With Thanksgiving this week, and the start of the holiday season we can slowly feel the year coming to an end. In Honduras, this means it is also the end of the school year. Our team is slowly wrapping up our activities with schools and beginning to mentally prepare for the next year ahead. It is hard to think back a year ago because everything feels so different back then. We had pitched the STEM center in the town of Camasca during the fall of 2019 and we were uncertain when the project would start, we hoped that it would be done for the 2020 school year and that was the plan. God has a funny way of working and 2020 has thrown us all many, many surprises. While the STEM center construction has continued to progress, we now see ourselves wishing the exact same thing, but a year later.
Take a peek into how the STEM Center is progressing
Covid-19 is nowhere near gone and we are slowly learning to coexist among it, socially distancing and wearing masks. Our schools are beginning to build strategies for how to best learn during this time. And we hope that the completion of the STEM center next year will be another added resource to our students’ education.
Pre-covid, one of our biggest challenges was the frequent electricity outages. And during covid-19 this is just another added stress. Now in our third year we have supported students participating in the math Olympics with individual study tablets, another resource for our students. This year the country decided to proceed with virtual math Olympics competitions. After three of our participating students had made it to the final state selection round, they were left without a chance to move forward to the nationals because there was no electricity, and by extension no internet, the day of the elimination round. In fact, no students from the Frontera region were able to move forward because the whole region had experienced outages. This was so frustrating to hear yet it is a reality for our students who continuously face social and economic barriers.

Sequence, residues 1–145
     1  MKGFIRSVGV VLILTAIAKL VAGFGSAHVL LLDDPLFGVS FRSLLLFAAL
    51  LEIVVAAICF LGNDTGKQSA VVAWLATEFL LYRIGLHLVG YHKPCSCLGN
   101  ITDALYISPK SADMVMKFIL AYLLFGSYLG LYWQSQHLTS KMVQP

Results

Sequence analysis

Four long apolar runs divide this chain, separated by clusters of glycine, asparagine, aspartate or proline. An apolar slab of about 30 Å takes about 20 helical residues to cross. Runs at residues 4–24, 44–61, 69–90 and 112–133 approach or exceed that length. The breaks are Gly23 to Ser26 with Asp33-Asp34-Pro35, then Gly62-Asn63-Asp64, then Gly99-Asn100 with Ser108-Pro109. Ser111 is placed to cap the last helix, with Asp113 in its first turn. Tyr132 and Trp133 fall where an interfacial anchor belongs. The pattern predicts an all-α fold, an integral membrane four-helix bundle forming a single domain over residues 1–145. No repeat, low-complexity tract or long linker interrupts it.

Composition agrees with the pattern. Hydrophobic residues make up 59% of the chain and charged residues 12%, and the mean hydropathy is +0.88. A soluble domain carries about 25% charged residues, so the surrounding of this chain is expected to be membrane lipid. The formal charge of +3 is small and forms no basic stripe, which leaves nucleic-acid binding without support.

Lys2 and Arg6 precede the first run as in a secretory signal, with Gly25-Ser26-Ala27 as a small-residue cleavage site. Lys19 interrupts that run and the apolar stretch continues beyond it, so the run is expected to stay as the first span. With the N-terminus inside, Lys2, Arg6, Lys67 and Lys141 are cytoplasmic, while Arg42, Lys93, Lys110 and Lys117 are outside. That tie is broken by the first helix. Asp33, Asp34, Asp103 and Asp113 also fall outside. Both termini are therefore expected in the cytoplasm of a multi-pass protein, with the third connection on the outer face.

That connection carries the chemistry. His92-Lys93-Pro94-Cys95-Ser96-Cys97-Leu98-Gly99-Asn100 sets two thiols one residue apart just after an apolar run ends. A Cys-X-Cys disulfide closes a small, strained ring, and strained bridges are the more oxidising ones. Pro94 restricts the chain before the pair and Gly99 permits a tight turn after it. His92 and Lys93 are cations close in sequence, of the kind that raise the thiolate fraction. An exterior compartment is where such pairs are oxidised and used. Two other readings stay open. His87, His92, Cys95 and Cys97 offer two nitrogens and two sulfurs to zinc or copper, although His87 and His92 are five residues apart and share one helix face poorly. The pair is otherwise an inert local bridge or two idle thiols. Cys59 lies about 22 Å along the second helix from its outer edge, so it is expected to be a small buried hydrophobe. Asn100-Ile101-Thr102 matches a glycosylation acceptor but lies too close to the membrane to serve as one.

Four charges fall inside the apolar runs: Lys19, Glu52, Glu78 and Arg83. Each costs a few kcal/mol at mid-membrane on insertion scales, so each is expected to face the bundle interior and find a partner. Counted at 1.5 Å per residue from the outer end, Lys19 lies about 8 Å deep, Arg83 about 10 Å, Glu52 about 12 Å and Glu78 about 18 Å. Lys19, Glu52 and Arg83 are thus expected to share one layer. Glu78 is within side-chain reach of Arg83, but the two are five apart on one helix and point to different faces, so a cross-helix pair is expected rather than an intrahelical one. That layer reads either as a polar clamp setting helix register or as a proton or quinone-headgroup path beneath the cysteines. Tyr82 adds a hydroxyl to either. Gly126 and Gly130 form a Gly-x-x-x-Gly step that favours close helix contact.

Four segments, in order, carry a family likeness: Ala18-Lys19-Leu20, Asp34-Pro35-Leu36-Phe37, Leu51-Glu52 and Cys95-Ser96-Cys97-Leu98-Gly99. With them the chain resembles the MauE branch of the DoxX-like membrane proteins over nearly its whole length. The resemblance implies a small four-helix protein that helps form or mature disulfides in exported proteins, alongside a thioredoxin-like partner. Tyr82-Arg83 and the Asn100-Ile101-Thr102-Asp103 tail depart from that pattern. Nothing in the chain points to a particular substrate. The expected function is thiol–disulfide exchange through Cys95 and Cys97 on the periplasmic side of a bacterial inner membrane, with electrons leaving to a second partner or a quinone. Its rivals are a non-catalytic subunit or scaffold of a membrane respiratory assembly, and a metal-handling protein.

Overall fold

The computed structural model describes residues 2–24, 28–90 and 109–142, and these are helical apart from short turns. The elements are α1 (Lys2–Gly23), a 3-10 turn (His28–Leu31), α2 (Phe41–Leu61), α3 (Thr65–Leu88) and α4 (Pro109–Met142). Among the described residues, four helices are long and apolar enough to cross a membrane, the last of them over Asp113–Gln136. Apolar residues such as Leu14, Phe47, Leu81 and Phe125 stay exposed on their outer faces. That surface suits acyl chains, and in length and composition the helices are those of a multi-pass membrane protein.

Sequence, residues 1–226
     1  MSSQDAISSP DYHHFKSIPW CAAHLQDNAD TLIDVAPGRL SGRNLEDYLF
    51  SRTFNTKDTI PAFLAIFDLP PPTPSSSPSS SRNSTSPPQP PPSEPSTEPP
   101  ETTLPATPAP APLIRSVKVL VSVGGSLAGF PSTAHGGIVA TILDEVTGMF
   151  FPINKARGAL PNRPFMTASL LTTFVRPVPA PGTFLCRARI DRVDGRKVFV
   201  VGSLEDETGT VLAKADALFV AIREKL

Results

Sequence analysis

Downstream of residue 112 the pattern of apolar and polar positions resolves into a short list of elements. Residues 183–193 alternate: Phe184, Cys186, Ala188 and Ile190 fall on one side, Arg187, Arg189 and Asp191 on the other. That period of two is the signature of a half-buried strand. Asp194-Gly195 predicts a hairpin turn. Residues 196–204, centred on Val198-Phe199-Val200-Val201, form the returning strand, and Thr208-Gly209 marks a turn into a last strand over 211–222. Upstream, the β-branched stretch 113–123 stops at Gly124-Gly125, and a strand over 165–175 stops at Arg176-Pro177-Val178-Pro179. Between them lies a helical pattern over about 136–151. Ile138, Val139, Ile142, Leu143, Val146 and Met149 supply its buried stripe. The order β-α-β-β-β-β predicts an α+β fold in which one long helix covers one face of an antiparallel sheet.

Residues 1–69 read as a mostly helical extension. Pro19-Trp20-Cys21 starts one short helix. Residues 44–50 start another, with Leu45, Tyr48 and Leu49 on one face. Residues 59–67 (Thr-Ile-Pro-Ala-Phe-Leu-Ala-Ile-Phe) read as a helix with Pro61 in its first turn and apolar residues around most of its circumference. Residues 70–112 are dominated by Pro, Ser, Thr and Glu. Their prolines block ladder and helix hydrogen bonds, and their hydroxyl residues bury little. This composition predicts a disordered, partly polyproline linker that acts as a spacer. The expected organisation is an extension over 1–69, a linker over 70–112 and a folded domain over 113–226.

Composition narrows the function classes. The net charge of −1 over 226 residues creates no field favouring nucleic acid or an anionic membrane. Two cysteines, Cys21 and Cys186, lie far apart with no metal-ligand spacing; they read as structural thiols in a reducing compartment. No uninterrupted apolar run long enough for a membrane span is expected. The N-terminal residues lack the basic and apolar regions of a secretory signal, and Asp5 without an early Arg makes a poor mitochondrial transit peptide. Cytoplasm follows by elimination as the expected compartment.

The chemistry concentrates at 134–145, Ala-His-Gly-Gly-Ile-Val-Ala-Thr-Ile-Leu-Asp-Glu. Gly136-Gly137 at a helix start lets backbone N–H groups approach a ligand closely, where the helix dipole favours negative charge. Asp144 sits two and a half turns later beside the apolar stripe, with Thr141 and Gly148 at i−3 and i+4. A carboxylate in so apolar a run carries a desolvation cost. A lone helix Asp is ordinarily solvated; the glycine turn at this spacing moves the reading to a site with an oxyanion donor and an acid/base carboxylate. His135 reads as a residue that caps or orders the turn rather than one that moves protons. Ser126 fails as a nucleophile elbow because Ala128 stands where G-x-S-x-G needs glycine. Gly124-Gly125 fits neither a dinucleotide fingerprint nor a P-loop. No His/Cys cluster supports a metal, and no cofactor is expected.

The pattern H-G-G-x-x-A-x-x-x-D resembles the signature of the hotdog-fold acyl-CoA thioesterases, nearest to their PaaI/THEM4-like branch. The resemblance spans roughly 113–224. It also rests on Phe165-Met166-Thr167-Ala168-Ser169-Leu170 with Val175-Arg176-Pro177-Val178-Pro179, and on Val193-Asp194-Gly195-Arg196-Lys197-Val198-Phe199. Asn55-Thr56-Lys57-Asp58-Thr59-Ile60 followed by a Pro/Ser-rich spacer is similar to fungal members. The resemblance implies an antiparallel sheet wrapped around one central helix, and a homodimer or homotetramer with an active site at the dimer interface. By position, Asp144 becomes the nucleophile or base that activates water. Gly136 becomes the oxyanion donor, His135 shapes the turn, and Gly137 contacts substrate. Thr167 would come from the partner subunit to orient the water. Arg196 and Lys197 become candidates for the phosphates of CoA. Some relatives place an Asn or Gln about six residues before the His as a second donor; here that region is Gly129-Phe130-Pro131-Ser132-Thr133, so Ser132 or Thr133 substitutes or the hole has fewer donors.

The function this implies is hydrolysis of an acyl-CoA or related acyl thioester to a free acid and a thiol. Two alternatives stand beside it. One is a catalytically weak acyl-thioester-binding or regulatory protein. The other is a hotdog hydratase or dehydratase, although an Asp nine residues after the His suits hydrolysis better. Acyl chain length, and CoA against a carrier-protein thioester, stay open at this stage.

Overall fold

Layout and installation of the electrical system in the future STEM center
One of our dreams for the STEM Center is to have an alternative energy source to try and combat these sorts of instances that limit our student’s efforts. For example, solar panels. Living in a place that receives direct sunshine for about ¾ of the year it could be a way to help our students work whenever they want, whether on the math Olympics, robotics, recycling or building – no matter the conditions outside the center. We are hoping to investigate this and other energy alternatives. Our team dreams big because our students do too. And observing as our regional STEM center gets closer to completion, we are reminded of what we have to prepare for this coming year.
Materials ready for the next construction phase... can you guess what they will become?